The poetry of William Ogden Haynes

A Modern Use of Classic Literature

The professor finds it difficult to relate to most people, because he
doesn’t keep up with current trends. Sometimes, he feels like he’s
nothing but a hieroglyph, an anachronism, in the world, but not of it.

He exists on the declining capital of his timeworn education,
only digesting books written by dead people, picking clean centuries
of stanzas and shards of vocabulary over years of analysis.

One day in a book shop, he marvels at the glut of new publications.
They’ve crowded out the classics, which are confined to only a few
shelves, and most of those books have been marked down in price.

But there’s a beautiful woman standing in front of those shelves,
and he summons the courage to speak to her. “Do you enjoy
the classics?” he says. “Oh, yes” she replies. “Especially Langston Hughes.”

He clears his throat, and recites a quote from Hughes, “Folks, I’m tellin you,
birthin is hard and dyin is mean, so get yourself a little lovin in between.”
She chuckles, then seductively quotes Oscar Wilde, “The only way
to get rid of a temptation is to yield to it.” He smiles, moves closer and tells
her that William Blake also opined, “Those who restrain desire, do so
because theirs is weak enough to be restrained.”

She laughs and reminds him that John Donne was one who didn’t want
to be restrained. ‘License my roving hands and let them go before, behind,
between, above, below.’”

The professor, with an exaggerated expression of shock, says,
“And then, of course, there’s Henry Miller.”
“Do you know a quote from him?” she says.

“Oh yes” he replies, “From Tropic of Cancer.” And then
he utters the quote slowly, turning over each word on his
tongue like a butter rum Lifesaver, while looking into her

eyes, “To have her in bed with me, breathing on me, her hair
in my mouth. . .I count that as something of a miracle.”
She extends her hand, smiling, “My name’s Molly, and who might you be?”




One Small Moment to Remember

She stays once more in a long-deserted warehouse, its broken windows,
the targets of rock-throwing kids, letting in the rain, sunlight and sparrows.
She lies on an abandoned, cushionless couch, her temporary bed until the
police come, the building is sold, or bulldozers arrive to take it down. It is
thoughts like these that keep her awake, and drive her to sit outside in the
yard amidst the dumpsters, empty gas cylinders, rusty pipes and discarded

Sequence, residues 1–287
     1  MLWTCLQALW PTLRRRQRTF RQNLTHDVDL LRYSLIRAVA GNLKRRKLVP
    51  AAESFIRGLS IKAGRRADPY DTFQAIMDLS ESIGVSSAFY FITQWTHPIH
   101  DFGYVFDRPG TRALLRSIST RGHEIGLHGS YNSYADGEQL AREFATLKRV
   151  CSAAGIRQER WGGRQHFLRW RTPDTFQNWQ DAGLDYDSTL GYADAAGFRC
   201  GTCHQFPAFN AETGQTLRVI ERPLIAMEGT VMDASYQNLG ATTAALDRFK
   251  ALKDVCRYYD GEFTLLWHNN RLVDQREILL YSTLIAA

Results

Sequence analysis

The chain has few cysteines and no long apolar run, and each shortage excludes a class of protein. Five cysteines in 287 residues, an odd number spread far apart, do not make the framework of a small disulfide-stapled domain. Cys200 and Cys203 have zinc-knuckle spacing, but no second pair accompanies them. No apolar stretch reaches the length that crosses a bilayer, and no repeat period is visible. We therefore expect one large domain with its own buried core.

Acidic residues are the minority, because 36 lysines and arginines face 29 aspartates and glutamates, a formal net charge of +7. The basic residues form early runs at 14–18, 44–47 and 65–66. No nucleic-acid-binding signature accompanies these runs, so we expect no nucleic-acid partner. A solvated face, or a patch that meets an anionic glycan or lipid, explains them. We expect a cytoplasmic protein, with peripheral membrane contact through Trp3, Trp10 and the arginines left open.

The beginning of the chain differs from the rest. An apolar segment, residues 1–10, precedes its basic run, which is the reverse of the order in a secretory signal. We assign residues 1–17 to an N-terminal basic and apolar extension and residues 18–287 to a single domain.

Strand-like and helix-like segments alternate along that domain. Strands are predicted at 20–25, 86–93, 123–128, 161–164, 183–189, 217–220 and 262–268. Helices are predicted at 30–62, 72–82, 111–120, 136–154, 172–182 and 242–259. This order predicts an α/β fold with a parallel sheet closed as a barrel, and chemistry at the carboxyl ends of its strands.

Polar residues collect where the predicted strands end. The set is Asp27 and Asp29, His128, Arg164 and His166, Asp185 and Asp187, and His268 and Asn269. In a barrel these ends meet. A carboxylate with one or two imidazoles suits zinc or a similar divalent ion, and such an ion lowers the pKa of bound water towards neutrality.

pallets, surrounded by a sagging chain link fence. It’s a cool evening with a
breeze blowing from the west, and she sits against the side of the building
in hopeless reflection. She regrets the death of her father, dropping out of
school at sixteen, running away from a foster home, and selling her body
to strangers. She laments the stealing, beatings, drugs and arrests. Wrapping
the elastic around her arm, she finds a bulging vein, injects the heroin, lights
a cigarette, and watches the smoke spiral upward.

And as her consciousness begins to drift, she thinks back to a time long ago,
when she was twelve years old, and there was a dance recital. She recalls
her image in the bedroom mirror and how her finger traced the starry trail
of sequins on her dance costume. Her father sat in the front row that night,
happy and proud, his daughter with a wide grin, blond hair, eyes blue and
bright, her whole life ahead.

But later that day in the warehouse yard, her eyes become lifeless,
vacant as two ball bearings. And when the police find her, they wonder
why a smile remains on her face. How could they know, that once,
she had a family, and lived in a house? Or that once, she danced for
her father, with sparkling leaps across the stage. It might seem a small
moment to some, but she was a princess then, and loved.

William Ogden Haynes is a poet and author of short fiction from Alabama who was born in Michigan. He has published seven collections of poetry (Points of Interest, Uncommon Pursuits, Remnants, Stories in Stained Glass, Carvings, Going South and Contemplations) and one book of short stories (Youthful Indiscretions) all available on  Over 175 of his poems and short stories have appeared in literary journals and his work is frequently anthologized


  1. I loved both of these poems! “A Modern Use for Classic Literature” sparkles with humor and the ending is just right. “One Small Moment to Remember” is like a Hans Christian Anderson tale for the 21st century, poignant with the power to grip one’s imagination. Thank you William Ogden Haynes for sharing these little gems with us.


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